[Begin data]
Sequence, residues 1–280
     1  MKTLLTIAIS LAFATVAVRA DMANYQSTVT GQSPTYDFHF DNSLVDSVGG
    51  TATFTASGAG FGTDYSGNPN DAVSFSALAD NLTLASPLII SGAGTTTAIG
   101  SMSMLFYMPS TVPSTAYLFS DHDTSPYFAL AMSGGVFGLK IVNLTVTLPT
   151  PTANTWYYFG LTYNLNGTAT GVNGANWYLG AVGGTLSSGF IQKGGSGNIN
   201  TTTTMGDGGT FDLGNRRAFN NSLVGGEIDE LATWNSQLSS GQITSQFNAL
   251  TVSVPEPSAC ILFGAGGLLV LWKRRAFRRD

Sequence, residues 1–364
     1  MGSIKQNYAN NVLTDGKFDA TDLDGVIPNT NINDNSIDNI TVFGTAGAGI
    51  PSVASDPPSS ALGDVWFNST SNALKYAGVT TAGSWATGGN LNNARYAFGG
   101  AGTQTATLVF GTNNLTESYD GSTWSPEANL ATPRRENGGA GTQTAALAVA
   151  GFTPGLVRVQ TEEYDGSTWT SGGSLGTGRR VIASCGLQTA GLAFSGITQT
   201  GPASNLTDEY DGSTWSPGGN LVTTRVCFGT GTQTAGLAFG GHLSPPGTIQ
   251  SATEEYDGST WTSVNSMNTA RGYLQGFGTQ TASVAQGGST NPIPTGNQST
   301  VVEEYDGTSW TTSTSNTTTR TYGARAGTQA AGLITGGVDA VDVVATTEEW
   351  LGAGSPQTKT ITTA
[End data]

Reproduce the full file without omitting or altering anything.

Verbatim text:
Sequence, residues 1–280
     1  MKTLLTIAIS LAFATVAVRA DMANYQSTVT GQSPTYDFHF DNSLVDSVGG
    51  TATFTASGAG FGTDYSGNPN DAVSFSALAD NLTLASPLII SGAGTTTAIG
   101  SMSMLFYMPS TVPSTAYLFS DHDTSPYFAL AMSGGVFGLK IVNLTVTLPT
   151  PTANTWYYFG LTYNLNGTAT GVNGANWYLG AVGGTLSSGF IQKGGSGNIN
   201  TTTTMGDGGT FDLGNRRAFN NSLVGGEIDE LATWNSQLSS GQITSQFNAL
   251  TVSVPEPSAC ILFGAGGLLV LWKRRAFRRD

Sequence, residues 1–364
     1  MGSIKQNYAN NVLTDGKFDA TDLDGVIPNT NINDNSIDNI TVFGTAGAGI
    51  PSVASDPPSS ALGDVWFNST SNALKYAGVT TAGSWATGGN LNNARYAFGG
   101  AGTQTATLVF GTNNLTESYD GSTWSPEANL ATPRRENGGA GTQTAALAVA
   151  GFTPGLVRVQ TEEYDGSTWT SGGSLGTGRR VIASCGLQTA GLAFSGITQT
   201  GPASNLTDEY DGSTWSPGGN LVTTRVCFGT GTQTAGLAFG GHLSPPGTIQ
   251  SATEEYDGST WTSVNSMNTA RGYLQGFGTQ TASVAQGGST NPIPTGNQST
   301  VVEEYDGTSW TTSTSNTTTR TYGARAGTQA AGLITGGVDA VDVVATTEEW
   351  LGAGSPQTKT ITTA